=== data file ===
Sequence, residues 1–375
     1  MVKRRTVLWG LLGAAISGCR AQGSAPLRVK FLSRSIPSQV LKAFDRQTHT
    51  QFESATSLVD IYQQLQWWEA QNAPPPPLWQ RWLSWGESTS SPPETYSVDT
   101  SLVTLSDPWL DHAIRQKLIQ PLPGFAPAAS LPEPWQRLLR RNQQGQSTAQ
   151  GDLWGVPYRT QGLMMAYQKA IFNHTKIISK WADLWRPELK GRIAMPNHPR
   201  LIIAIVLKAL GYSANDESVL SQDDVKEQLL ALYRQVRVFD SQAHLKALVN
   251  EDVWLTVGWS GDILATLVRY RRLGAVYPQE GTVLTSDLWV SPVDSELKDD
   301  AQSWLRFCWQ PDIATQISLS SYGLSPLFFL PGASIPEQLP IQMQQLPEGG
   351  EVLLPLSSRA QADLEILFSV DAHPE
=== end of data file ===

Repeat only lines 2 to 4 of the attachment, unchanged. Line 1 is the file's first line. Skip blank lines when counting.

     1  MVKRRTVLWG LLGAAISGCR AQGSAPLRVK FLSRSIPSQV LKAFDRQTHT
    51  QFESATSLVD IYQQLQWWEA QNAPPPPLWQ RWLSWGESTS SPPETYSVDT
   101  SLVTLSDPWL DHAIRQKLIQ PLPGFAPAAS LPEPWQRLLR RNQQGQSTAQ